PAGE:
Figure 5 shows the behaviour of the naphthenes along the reactor height. N6, N7, N8, N9, N10 are naphthenes with hydrocarbon number 6, 7, 8, 9, 10 respectively. The fastest reaction is aromatization that is, dehydrogenation of naphthenes, resulting in the large temperature drop due to its highly endothermic nature. The drastic reduction is due to the aromatization to aromatics. Thermodynamically the reaction is highly endothermic and is favoured by high temperature and low pressure. In addition, the higher the number of carbon atoms the higher the aromatics production at equilibrium from N8, N9, N10. This can be seen from Table 2 in equations (34)–(39) where the reaction rates increase from 4.02, 9.03, 21.5, 24.5 and 24.5 respectively for N6, N7, N8, N9 and N10. From a kinetic point of view, the rate of reaction increases with temperature. The naphthenes also undergo hydrocracking to lighter hydrocarbons leading to their decrease as shown in reactions 49–57 in Table 2.
Figure 6 shows the behaviour of aromatics along the reactor height. A6, A7, A8, A9, A10 are aromatics with hydrocarbon number 5, 6, 7, 8, 9, 10 respectively. The dehydrogenation of naphthenes as seen from Figure 5 increases the aromatics shown in Figure 6. The sharp increase is as a result of drastic aromatization of the naphthenes favoured by the metallic sites of the catalyst. The rate of benzene formation is lower due to lower carbon number of N6 while A7, A8, A9 increase rapidly due to higher carbon number of N7, N8 and N9. This can be seen from reactions 58–71 in Table 2.
Figure 7 shows the temperature profile of the reactions along the reactor height. The sharp drop in first and second reactor is due to the more endothermic dehydrogenation reaction of naphthenes to aromatics. Typically, dehydrogenation and isomerization reactions take place in the first reactor, dehydrogenation, isomerization, dehydrogenation and cracking in the second followed by dehydrogenation and cracking in the third and fourth reactors.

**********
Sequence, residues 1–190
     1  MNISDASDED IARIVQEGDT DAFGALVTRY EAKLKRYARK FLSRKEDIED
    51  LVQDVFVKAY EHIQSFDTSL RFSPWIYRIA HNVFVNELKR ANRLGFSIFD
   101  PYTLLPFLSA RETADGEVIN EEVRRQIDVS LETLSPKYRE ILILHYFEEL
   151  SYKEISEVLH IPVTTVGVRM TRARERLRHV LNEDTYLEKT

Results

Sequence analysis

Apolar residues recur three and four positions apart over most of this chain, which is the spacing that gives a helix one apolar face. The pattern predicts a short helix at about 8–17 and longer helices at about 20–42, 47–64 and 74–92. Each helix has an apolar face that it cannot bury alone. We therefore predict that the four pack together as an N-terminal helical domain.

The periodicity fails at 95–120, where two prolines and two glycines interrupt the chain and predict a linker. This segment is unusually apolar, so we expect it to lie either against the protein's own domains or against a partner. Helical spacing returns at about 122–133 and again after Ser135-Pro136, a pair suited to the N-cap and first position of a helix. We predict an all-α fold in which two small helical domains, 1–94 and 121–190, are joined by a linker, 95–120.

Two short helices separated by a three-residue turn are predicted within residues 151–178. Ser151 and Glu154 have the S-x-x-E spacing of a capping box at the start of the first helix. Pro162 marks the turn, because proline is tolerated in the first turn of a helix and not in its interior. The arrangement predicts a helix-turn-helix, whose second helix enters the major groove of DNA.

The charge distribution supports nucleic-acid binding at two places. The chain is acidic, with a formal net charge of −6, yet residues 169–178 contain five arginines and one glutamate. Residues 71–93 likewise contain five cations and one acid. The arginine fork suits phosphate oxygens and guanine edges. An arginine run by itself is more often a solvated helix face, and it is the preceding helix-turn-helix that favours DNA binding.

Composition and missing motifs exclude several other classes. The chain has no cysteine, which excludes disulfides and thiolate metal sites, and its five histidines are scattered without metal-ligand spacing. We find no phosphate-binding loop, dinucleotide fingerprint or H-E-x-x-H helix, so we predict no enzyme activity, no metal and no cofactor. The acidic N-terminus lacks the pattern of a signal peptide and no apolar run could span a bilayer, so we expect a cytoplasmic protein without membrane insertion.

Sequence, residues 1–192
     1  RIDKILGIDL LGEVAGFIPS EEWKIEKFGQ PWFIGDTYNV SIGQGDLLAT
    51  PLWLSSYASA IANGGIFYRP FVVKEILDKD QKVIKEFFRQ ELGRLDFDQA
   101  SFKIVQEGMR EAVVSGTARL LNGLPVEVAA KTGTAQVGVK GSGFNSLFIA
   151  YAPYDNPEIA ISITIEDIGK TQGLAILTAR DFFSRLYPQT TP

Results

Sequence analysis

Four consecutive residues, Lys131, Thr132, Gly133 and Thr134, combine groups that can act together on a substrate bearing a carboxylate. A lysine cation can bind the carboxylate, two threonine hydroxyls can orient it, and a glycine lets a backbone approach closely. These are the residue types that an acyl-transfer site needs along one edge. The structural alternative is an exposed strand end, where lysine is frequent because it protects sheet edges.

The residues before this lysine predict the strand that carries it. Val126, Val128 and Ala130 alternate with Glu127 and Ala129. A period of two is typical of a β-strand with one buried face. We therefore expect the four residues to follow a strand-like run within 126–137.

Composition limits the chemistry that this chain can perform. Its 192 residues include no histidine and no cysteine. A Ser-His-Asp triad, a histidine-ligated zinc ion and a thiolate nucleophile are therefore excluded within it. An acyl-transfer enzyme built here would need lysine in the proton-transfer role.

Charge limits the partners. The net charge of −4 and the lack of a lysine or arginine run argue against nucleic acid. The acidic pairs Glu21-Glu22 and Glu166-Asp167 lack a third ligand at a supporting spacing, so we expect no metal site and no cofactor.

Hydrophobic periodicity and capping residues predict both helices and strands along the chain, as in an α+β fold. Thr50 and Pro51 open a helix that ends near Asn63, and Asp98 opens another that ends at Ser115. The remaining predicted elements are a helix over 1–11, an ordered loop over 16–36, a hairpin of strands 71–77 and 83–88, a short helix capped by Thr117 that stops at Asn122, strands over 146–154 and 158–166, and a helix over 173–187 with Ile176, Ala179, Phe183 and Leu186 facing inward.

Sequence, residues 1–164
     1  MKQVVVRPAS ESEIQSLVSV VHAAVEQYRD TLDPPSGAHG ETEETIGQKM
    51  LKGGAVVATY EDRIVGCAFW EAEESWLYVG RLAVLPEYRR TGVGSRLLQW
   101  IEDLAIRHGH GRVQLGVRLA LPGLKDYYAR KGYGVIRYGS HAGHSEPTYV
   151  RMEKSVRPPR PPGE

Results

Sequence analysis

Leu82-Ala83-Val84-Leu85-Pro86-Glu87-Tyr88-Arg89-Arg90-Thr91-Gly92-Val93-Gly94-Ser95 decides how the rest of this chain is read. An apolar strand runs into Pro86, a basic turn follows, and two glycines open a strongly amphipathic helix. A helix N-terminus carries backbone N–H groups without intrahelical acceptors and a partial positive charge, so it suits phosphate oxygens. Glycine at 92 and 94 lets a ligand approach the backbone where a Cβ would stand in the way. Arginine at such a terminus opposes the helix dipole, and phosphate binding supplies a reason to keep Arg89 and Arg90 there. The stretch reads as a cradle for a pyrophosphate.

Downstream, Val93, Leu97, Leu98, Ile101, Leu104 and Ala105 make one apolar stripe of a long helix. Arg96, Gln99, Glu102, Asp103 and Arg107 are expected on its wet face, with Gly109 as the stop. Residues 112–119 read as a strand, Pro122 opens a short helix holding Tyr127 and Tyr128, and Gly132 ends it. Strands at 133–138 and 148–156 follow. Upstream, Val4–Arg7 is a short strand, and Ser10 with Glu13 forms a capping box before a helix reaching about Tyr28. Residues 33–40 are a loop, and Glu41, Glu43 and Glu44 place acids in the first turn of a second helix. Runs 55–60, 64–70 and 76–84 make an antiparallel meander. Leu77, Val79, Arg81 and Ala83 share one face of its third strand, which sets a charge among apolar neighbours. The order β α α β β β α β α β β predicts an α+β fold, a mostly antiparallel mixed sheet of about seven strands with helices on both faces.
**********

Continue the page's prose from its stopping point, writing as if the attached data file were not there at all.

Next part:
Figure 8 shows the increase in hydrogen yield along the height of the reactor. Figure 9 shows the increase in RON along the reactor height. This is due to the increase in the aromatics along the reactor height. The RON increases from reactor one to four due to increase in aromatization reaction which gives a higher research octane number, a parameter for antiknock in the gasoline engine. Straight run naphtha has a low RON and cannot be used as gasoline and hence the reforming reaction of the components to give a gasoline with higher research octane number.
7.2. Dynamic Simulation of the Four Reactors
The modelling results from the model Equations of (27)–(32) gives the concentration and temperature distributions only across the reactor height and the time simultaneously where their behaviours are predicted with changing both time height. In this work, four reactors are simulated with the reactor configurations given in Table 5.
Figure 10, Figure 11, Figure 12 and Figure 13 shows the 3D profiles of the dynamics of the temperatures in the four reactors respectively. It is a combination of the change along both the reactor height and time. For the variation with time, the interesting aspect could be seeing clearly in Figure 14 that the exit temperatures falls and rise with time before reaching a final temperature value unlike the steady state where it shows only a drop in temperature without seeing such interesting aspect as in Figure 7. From Figure 14, temperature decreases along the height simultaneously with time. The dynamic simulation was performed over 10 h but the time to reach steady state was 0.25 h maximum, hence the representation in Figure 14 stops at 0.4 h for clarity purpose. The drop in temperature in first reactor is mainly due to the high endothermic reaction of naphthenes conversion to aromatics. Dehydrogenation is the main reaction in this reactor, the fastest reaction among all the reactions and reaches a steady state at about 0.05 h. This can also be attributed to the lowest residence time of 0.179 h for the reactions in the first reactor. There are also some endothermic reactions in the second reactor where dehydrogenation and isomerization reactions continue, thereby increasing slightly the temperature with time. The temperature here reaches steady state at 0.12 h which is longer than the first value. In reactor three there is lesser temperature drop due to exothermic reactions of isomerization and hydrocracking, reaching a steady state at 0.20 h. Reactor four has the highest exothermic reactions and one can see a sharp rise in temperature. It reaches a steady state at 0.25 h.